But 80% of the contenders will go home empty-handed. However, there is good news: They are in good company as well.
Here is a sampling of nominees that didn’t win: “Citizen Kane,” “Chinatown” and “Star Wars”; directors Alfred Hitchcock, Howard Hawks, Stanley Kubrick and Ingmar Bergman; writers Tennessee Williams, Arthur Miller, Dashiell Hammett, John Steinbeck, Graham Greene, Harold Pinter and David Mamet; actors Gloria Swanson in “Sunset Blvd.”; Audrey Hepburn in “Breakfast at Tiffany’s”; and Peter O’Toole in “Lawrence of Arabia.”
They managed to do Ok, though.
- Tim Gray
The Comedy of Terrors, 1963.
Directed by Jacques Tourneur.
A scheming undertaker resorts to extreme measures to bring in some new business in order to pay his rent.
Both comedy and terror are two of the hardest genres to get right and combining the two successfully is even harder, so calling your film The Comedy of Terrors is going to give it a lot to live up to right from the off. Luckily the opening scene of a misty graveyard playing host to a funeral as several mourners look on sets the scene perfectly as once the service is over and the mourners depart, undertaker Waldo Trumbull (Vincent Price – The Fall of the House of Usher) and his assistant Felix Gillie (Peter Lorre - Casablanca) give each other a nod and they’re off to work, »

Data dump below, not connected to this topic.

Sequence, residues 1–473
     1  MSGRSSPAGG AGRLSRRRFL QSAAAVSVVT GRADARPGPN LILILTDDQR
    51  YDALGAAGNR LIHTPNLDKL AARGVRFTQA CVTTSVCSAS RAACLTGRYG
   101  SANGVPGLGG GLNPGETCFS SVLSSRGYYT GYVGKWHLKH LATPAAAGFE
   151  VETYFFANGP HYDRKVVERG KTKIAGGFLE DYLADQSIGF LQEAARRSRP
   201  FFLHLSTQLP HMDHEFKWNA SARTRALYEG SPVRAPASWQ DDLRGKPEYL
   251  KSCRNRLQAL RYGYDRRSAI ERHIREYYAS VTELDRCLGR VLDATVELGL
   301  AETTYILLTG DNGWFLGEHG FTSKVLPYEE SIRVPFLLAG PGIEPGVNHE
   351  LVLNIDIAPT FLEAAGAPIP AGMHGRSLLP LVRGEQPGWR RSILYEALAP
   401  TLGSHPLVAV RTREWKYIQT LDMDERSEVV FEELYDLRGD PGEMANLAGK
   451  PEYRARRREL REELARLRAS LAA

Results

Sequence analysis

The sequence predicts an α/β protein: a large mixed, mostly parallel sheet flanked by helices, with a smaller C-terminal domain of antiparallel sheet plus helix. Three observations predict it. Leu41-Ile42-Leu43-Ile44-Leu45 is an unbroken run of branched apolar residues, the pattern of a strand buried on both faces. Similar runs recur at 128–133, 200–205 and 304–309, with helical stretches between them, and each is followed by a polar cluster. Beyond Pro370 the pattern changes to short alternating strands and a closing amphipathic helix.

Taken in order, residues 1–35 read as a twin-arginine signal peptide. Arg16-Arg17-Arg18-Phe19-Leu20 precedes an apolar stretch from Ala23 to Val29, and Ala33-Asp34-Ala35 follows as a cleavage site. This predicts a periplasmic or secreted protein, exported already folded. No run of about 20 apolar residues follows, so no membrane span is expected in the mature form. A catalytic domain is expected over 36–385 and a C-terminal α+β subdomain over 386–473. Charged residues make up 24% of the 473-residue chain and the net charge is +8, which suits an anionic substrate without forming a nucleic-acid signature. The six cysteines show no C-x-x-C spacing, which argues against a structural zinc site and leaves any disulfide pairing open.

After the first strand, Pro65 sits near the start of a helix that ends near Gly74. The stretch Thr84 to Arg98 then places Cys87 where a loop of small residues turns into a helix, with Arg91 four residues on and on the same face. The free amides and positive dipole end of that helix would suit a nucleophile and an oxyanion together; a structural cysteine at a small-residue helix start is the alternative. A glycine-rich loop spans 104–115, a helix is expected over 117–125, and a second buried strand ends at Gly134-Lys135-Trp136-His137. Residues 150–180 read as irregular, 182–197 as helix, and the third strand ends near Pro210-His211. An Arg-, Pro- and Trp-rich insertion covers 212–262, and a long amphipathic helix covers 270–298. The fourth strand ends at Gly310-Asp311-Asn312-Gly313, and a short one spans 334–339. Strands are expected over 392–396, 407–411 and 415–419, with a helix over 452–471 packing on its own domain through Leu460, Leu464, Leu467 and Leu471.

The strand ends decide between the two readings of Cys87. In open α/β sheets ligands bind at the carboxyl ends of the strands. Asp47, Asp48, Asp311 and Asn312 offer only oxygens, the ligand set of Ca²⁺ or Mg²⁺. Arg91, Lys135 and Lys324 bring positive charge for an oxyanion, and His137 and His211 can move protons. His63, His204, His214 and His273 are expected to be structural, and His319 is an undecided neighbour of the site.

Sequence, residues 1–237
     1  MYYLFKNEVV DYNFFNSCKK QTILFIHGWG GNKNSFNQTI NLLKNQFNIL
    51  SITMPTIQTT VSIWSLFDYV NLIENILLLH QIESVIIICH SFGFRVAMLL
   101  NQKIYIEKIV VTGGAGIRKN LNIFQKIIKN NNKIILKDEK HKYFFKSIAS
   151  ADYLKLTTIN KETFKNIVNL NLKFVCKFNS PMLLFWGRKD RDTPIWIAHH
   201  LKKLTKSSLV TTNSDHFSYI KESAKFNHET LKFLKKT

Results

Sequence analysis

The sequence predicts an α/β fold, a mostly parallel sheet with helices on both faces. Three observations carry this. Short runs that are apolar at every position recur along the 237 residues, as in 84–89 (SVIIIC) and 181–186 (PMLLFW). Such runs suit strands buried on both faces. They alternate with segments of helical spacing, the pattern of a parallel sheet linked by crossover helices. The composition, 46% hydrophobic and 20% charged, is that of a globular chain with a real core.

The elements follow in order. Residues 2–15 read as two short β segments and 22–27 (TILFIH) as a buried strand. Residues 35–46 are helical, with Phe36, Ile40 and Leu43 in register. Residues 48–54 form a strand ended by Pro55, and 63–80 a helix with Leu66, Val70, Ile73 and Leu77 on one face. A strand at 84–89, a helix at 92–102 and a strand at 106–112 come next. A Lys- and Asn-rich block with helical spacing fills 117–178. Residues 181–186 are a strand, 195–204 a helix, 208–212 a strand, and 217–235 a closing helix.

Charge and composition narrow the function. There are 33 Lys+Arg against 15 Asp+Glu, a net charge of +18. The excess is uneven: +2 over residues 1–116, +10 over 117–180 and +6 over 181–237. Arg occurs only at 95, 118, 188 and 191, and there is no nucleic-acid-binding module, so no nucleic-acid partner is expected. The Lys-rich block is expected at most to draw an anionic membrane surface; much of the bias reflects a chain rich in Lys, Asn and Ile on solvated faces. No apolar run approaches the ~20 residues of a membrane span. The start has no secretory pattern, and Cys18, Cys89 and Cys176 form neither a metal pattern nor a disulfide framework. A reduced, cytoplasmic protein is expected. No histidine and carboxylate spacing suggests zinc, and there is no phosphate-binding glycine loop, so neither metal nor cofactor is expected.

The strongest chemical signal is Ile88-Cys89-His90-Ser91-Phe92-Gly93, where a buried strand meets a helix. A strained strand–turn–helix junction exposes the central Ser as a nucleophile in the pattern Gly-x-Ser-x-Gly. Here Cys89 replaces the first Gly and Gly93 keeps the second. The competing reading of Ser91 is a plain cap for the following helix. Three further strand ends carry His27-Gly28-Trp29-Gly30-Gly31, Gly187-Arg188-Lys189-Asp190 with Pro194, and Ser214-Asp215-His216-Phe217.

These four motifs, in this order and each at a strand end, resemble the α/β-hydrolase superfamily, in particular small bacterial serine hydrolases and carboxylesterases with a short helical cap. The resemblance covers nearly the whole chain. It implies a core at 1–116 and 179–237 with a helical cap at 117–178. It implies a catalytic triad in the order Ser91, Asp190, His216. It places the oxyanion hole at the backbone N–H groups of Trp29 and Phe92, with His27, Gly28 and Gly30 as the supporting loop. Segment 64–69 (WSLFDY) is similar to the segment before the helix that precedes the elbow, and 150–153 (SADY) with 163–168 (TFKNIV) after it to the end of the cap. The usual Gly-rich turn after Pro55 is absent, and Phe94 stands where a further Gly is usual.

- Gary Collinson
“Of all the gin joints, in all the towns, in all the world, she walks into mine”
Casablanca Screens at The Hi-Pointe Theater in St. Louis Saturday morning February 14th at 10:30am
Casablanca was the last movie that the Tivoli showed in the 35mm format (about 2 years ago) – and now you’ll have the chance to see it presented in a sharp digital presentation when it plays this Saturday morning at The Hi-Pointe as part of their monthly Classic Film Series.
I there was ever a film deserved to be considered a classic then Casablanca is it, Even if you haven’t seen it before you’ll recognize much of the dialogue; it is probably the most quoted, and misquoted, film of all time. Humphrey Bogart is excellent in this career defining role as bar owner Rick Blaine who has come into possession of two “letters of transit” which »
- Tom Stockman